peril, both to the building and Her Majesty's subjects walking there.
He prayed him to examine the officers and accountants of his predecessors, and the rest of the accounts, in order that some light might
be thrown upon the question as to whom the charge of the repairs
belonged, and if it should be to him, and more than he could
surmount (which might perhaps be thought otherwise), that the
Privy Council might take means to supply the deficiency, and ordain
a future remedy.
— April, 1582.
I. 328. Letter from John (Aylmer) Bishop of London, to the
Lord Mayor, in reply, stating that he had informed the late Lord
Mayor that he could not find any records to show why the Bishop of
London should be called upon to repair a public monument, and
especially by the Lord Mayor, who by no law could intermeddle as a
competent judge in matters of dilapidations which were merely
ecclesiastical. Such notable public monuments had at first been
erected not by private individuals, but by common charity and
devotion of cities and countries, and so they should be maintained
and repaired at common charge of the same. It could not be found
throughout all England that the Bishop had been charged with
any such matter, for if such persons and pastors were charged at all
in common benefices, it would be only with the Chancel, and not
with what was called the Navis Ecclesice, as appeared by divers statutes.
He did not see why bishops, being the chief pastors, should be charged
with the body of the chief church. He denied the right of the Lord
Mayor to call for the accounts. If the Privy Council should deem it
good to call for them, the matter should be moved to the Archbishop of Canterbury, the then incumbent, and the executors of his
agent, Dr. Watts. (fn. 3)
28th April, 1582.
I. 336. Letter from the Archbishop of Canterbury to the Lord
Mayor, stating that the Church had been burned by fire from
heaven, and rebuilt at the public charge of the Prince, the City, and
others, and that therefore the re-edifying of the present decay of the
body of the Church, and all other parts, ought still, in his opinion, to
be done at the public charge, until it should be perfectly finished, the
want of which finishing had been the cause of the present decay. As
for the accounts of the former charges bestowed upon the Church,
they should be demanded of the late surveyors and auditors of the
works who were appointed by order from former Lord Mayors and
Aldermen of the City. As to the answer of the Bishop of London,
removing the charge from himself to the writer, and to his successor
the Archbishop of York, he would only answer for himself, that the
did in his time as much, or more, than either by law or reason he was
bound. The law could not bind the province of Canterbury to contribute to the re-edifying of St. Paul's, —Canterbury being the Metropolitan Church, and St. Paul's only a cathedral. That which the
province contributed last time was their own free benevolence, and
the present charge not being so great, it ought to be borne by the
City. When all the decayed works had been completed, then, in his
opinion, the Bishop of London for the time being ought to preserve
the steeple and body of the Church in good repair, and the Dean and
Chapter the upper part and the Choir.
Dated from Lambeth, 2nd May, 1582.
I. 340. Letter from Sir Christoper Hatton, Knight, to the Lord
Mayor, informing him that Her Majesty had appointed himself and
the Chancellor of the Exchequer, (fn. 4)to take steps for redressing and
building up again that ancient and famous monument, the church and
steeple of Paul's Her Majesty being much offended that the finishing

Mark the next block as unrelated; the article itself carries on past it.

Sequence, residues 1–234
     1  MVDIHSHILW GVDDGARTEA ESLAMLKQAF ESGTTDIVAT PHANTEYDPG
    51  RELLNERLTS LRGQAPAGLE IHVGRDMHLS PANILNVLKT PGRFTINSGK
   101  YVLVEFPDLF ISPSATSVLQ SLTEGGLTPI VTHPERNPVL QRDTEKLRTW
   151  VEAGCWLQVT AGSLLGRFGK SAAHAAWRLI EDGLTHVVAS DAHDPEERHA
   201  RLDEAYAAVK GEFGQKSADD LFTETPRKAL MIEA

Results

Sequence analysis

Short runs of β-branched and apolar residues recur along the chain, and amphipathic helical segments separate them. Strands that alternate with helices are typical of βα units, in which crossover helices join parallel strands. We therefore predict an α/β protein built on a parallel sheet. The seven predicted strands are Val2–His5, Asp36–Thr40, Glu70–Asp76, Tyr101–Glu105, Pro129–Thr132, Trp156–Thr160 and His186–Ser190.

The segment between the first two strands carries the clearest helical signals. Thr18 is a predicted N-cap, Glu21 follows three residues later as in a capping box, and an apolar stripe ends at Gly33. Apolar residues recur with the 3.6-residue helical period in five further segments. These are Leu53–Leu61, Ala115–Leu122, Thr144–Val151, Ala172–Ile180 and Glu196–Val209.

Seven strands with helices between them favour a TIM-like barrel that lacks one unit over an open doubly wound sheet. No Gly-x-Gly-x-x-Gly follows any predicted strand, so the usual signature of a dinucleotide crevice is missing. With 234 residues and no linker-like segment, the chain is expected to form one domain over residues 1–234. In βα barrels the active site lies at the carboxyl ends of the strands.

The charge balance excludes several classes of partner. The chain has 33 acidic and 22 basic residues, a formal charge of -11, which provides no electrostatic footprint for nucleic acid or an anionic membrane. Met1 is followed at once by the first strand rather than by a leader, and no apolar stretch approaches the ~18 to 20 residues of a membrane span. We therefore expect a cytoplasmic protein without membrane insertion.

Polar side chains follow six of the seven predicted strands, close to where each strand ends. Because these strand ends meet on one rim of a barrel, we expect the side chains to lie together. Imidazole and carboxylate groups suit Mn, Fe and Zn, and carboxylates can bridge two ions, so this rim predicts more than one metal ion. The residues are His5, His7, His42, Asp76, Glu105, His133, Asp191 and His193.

of so good a work had been so long protracted, and requesting his
Lordship to appoint four Aldermen, and such other persons as had
been acquainted with the former proceedings, to attend upon Tuesday
next, at his house in Holborn, to confer with them thereon.
Holborn, 19th May, 1582.
VII. 88. Letter from the Lords of the Council to the Lord
Mayor and Court of Aldermen, expressing their regret at the smallness of the contributions towards the repair of St. Paul's, and that
only a collection from one of the Wards had been received, and
requiring them to see that the contributions from the other Wards
were speedily paid over to the Chamberlain.
23rd April, 1633.
VII. 105. Letter from the Lords of the Council to the Lord
Mayor and Court of Aldermen, requesting them to give directions to
the collectors to call upon all persons for their contributions in arrear
for the repair of St. Paul's, and to pay the same into the Chamber as
speedily as possible; and forward a list of all who had not contributed, in order that the Board might take steps for receiving such
contributions as they should be willing to advance towards the work.
24th January, 1633.
VII. 113. Order in Council for the attendance of the Lord
Mayor and the Dean and Chapter of St. Paul's at the Council on
the 3rd May next, for settlement of the dispute as to the carrying up
of the sword before the Lord Mayor in St. Paul's.
17th April, 1633.
VII. 117. Order of the Star Chamber upon some differences
lately arisen between the Lord Mayor and the Dean and Chapter of
St. Paul's concerning the carrying up of the Lord Mayor's sword
within the Cathedral, and especially within the choir; and also concerning arrests made within the Cathedral churchyard and the liberties
and precincts thereof, under colour of the Lord Mayor's authority;
directing counsel on both sides to meet and peruse the privileges and
charters of both parties, and in case they could not amicably settle
the matter, to return it to the Board for their further assistance and
3rd May, 1633.
VII. 122. Letter from William (Juxon) Lord Bishop of London,
(Sir) Henry Martin, and (Sir) Henry Spiller, to the Lord Mayor, with
reference to the contributions for the repair of St. Paul's. They
found no books or particulars thereof delivered into the Chamber
lain's Office from several of the Wards, and requested that they
might be delivered with convenient speed.
London House, 5th July, 1634.
VIII. 85. Letter from the King to the Lord Mayor, with respect
to the Commission lately issued (fn. 5) for the repair of St. Paul's, and
exhorting the Lord Mayor, Aldermen, and Sheriffs to assign out of
their own purses, and out of the public treasure of the City, an
honourable proportion to the work. The money should be sent
to the Chamber, there to be kept and disposed of as directed by
26th June, 1631.
VIII. 122. Letter from the Archbishop of Canterbury to the
Lord Mayor and Court of Aldermen, exhorting them to make additions to their former gifts for the repair of St. Paul's; and requesting
that, as many of the Aldermen the first time gave but 10l., which had
prevented many citizens from giving a greater sum, they would make
their gifts, whatever they might be, annual.
VIII. 125. Letter from the Archbishop of Canterbury (Laud) to
the Lord Mayor, &c., forwarding, by desire of the King, copy of His
Majesty's letter, in which he had signified his intention of taking
upon himself the cost of the repair of the whole west end of the
Cathedral; and expressing his hope that the King's great munificence
would stir them up to extend their charity.
28th April, 1634.